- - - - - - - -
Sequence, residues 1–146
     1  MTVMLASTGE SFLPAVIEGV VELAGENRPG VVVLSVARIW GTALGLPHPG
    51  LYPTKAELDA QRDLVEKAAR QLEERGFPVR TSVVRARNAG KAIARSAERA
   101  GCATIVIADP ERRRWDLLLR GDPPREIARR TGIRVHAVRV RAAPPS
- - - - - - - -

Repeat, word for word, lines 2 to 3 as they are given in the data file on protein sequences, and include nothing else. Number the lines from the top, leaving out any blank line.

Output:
     1  MTVMLASTGE SFLPAVIEGV VELAGENRPG VVVLSVARIW GTALGLPHPG
    51  LYPTKAELDA QRDLVEKAAR QLEERGFPVR TSVVRARNAG KAIARSAERA